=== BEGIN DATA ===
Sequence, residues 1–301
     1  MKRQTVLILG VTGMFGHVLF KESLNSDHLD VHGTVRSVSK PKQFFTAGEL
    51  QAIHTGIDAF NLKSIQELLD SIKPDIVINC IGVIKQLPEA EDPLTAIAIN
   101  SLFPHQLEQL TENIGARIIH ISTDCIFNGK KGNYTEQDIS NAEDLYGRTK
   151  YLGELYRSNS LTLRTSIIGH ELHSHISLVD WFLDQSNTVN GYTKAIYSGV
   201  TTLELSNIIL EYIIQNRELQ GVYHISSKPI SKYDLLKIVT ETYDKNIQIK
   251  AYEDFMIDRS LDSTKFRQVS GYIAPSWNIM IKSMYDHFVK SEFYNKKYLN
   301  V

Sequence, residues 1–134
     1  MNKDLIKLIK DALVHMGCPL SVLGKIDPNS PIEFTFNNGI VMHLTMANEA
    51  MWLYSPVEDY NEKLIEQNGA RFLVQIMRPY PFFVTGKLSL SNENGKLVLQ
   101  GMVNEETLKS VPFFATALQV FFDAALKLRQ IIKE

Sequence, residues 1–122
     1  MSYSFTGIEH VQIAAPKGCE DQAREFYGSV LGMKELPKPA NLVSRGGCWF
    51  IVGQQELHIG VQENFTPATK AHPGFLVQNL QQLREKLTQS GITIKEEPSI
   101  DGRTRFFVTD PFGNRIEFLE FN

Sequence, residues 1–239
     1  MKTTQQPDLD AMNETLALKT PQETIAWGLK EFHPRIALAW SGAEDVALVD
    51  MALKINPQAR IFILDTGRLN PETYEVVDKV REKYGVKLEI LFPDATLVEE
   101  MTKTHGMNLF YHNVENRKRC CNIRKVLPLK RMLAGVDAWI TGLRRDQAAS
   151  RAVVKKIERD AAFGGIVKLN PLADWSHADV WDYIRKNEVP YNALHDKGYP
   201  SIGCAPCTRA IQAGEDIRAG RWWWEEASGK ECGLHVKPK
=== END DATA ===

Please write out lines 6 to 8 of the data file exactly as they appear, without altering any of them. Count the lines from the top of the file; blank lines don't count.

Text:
   201  TTLELSNIIL EYIIQNRELQ GVYHISSKPI SKYDLLKIVT ETYDKNIQIK
   251  AYEDFMIDRS LDSTKFRQVS GYIAPSWNIM IKSMYDHFVK SEFYNKKYLN
   301  V